I was slightly apprehensive waiting in line to see Ra Ra Riot and Guards at the Paradise Rock Club on Saturday night.
Not because I thought the coat check would fill up (it did). Not because I thought I was going to get stuck behind the prodigal obnoxious indie rock couple whose mere existence seems like an offensive joke from the universe (I did). Not even because I would have to wake up early the next day to write the review (I didn’t). No, I was apprehensive about watching a band who just sounds so very … twee.
Ra Ra Riot landed on the scene with 2008’s critical success, The Rhumb Line, right around the time bands like Vampire Weekend and Passion Pit released their debut works. Suddenly, the indie rock scene felt chock-full of boyish falsettos, buttondown shirts and quirky arrangements that made you look really cool if you had it on your iPod. It seemed like the height of cerebral indie pop, where little ditties about Cape Cod were the hipster’s jam and oh my gosh, you have a string section in your indie band?! So neat.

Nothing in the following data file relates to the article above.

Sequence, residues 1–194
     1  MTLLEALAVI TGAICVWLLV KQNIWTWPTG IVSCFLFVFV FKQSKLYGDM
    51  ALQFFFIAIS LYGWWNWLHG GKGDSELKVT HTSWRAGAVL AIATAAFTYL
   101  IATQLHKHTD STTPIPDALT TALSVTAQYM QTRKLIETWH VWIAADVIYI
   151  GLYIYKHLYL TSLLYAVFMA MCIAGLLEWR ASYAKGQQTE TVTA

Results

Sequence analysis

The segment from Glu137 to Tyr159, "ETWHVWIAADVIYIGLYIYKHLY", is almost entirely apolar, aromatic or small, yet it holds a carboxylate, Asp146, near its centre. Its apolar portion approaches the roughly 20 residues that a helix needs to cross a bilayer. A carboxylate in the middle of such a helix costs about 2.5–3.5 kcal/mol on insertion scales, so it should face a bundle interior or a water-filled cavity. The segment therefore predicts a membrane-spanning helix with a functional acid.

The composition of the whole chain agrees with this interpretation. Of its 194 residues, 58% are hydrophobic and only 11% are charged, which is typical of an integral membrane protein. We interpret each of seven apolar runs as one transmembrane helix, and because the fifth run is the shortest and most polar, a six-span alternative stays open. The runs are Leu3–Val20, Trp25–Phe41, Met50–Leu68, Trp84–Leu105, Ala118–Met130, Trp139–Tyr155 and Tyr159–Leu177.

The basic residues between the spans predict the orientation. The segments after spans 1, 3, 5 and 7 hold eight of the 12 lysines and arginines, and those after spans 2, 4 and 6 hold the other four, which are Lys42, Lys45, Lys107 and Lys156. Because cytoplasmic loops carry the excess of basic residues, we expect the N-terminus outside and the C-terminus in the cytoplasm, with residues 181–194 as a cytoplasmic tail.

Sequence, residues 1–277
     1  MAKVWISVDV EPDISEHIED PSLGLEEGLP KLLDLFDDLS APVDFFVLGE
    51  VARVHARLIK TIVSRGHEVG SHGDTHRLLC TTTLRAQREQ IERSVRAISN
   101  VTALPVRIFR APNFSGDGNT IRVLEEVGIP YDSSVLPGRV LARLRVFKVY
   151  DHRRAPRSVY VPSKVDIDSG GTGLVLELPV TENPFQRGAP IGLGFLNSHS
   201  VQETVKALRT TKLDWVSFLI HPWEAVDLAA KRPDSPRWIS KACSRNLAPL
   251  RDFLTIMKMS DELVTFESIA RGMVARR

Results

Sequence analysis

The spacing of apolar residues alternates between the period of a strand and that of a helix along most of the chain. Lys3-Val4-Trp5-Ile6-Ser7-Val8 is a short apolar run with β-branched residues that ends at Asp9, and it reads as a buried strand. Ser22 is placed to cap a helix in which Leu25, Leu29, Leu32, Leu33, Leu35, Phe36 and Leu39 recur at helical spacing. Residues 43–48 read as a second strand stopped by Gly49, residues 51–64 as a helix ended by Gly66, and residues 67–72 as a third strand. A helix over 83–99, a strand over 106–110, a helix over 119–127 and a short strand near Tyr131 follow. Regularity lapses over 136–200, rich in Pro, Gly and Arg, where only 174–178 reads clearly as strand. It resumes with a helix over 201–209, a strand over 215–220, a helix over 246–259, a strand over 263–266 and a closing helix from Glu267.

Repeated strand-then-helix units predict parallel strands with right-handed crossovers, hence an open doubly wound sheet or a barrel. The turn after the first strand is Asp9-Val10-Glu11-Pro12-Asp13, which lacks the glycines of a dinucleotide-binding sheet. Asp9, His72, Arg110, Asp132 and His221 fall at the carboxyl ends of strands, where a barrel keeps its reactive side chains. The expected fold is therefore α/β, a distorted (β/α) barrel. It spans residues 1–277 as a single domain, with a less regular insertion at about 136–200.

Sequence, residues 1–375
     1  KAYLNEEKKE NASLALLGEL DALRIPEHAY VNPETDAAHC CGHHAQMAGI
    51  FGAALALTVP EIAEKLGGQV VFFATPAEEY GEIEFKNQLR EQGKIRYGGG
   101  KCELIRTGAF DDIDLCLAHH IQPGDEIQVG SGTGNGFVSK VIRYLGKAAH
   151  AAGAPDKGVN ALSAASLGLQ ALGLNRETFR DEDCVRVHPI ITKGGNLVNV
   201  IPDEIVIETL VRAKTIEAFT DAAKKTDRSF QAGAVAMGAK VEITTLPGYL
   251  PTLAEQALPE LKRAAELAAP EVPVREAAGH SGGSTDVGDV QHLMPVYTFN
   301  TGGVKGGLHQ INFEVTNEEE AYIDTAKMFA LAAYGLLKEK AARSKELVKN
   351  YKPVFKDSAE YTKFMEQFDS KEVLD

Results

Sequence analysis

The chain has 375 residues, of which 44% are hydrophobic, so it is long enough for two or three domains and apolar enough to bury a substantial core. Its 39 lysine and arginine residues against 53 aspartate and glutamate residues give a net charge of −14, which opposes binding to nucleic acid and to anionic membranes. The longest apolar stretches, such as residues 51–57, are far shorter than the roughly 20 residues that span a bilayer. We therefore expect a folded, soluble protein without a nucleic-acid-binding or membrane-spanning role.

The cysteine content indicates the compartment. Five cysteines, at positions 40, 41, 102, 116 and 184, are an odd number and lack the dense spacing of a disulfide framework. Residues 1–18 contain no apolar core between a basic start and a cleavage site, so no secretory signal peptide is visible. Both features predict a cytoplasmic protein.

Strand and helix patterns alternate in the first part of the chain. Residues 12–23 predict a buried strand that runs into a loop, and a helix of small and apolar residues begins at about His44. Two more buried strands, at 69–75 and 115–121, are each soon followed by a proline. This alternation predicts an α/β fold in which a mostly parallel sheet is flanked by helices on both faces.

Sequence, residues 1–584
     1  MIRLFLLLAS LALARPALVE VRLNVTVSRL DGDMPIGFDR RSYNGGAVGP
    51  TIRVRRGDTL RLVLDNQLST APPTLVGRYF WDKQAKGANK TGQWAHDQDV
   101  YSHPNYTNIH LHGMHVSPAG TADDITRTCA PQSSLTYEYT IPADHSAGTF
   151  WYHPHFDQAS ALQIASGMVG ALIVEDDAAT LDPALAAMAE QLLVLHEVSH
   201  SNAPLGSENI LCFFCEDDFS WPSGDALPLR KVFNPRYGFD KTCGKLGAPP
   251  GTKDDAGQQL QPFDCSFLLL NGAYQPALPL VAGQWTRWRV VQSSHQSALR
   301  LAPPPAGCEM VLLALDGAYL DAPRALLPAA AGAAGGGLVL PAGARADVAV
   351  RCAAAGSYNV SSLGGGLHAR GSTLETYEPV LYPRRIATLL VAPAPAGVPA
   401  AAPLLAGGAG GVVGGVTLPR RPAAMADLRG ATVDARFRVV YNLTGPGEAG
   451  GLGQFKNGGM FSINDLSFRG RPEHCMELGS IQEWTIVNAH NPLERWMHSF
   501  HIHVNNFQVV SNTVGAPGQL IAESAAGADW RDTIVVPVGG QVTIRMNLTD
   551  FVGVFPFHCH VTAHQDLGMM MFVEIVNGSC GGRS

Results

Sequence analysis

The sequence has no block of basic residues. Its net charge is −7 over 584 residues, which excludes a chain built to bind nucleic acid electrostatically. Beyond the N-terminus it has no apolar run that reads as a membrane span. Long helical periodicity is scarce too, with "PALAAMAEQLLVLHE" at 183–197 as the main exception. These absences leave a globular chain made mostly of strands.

Don’t let my overwhelming negativity fool you, though — the night was full of surprises. Guards warmed up the full-to-capacity Paradise with a tenacity that usually accompanies veteran headliners, not bands that have yet to release a first
album. Singer Richie Follin whipped the crowd into such a frenzy with the band’s brand of lo-fi indie rock, that I was worried Ra Ra Riot’s set would be a come-down.
Once again, I was wrong. Aptly enough, the band walked onstage as Billy Joel’s “It’s Still Rock and Roll To Me,” played. Lead singer Wes Miles immediately drew the crowd in with his earnest falsetto on 2008’s “Run My Mouth,” then proceeded to wind his way through old beloveds like “Shadowcasting” and “Can You Tell,” before ending the set with an encore that peaked during “Dying Is Fine” and had even the most offensive hipster dancing.
Miles & co. also borrowed heavily from their new album, Beta Love, out this week on Barsuk Records. Although both Spin and Pitchfork lambasted the album as a step in the wrong direction for the band, new tracks like “Dance With Me,” “Binary Mind” and “Angel Please” held up extremely well in a live setting. Beta Love marks a departure for the band from their baroque pop origins and an introduction of more traditional pop structures, bigger choruses and better beats.
Before Beta Love, it always seemed to me that Ra Ra Riot rested on the laurels of its reputation as the indie band with the string section, but the evolution of its signature sound shows the group has the potential to be much more than that. Sure, it’s not a perfect album, but Beta Love, combined with the infectious energy of their live act, certainly seems like a promise of what’s to come. Your move, Vampire Weekend.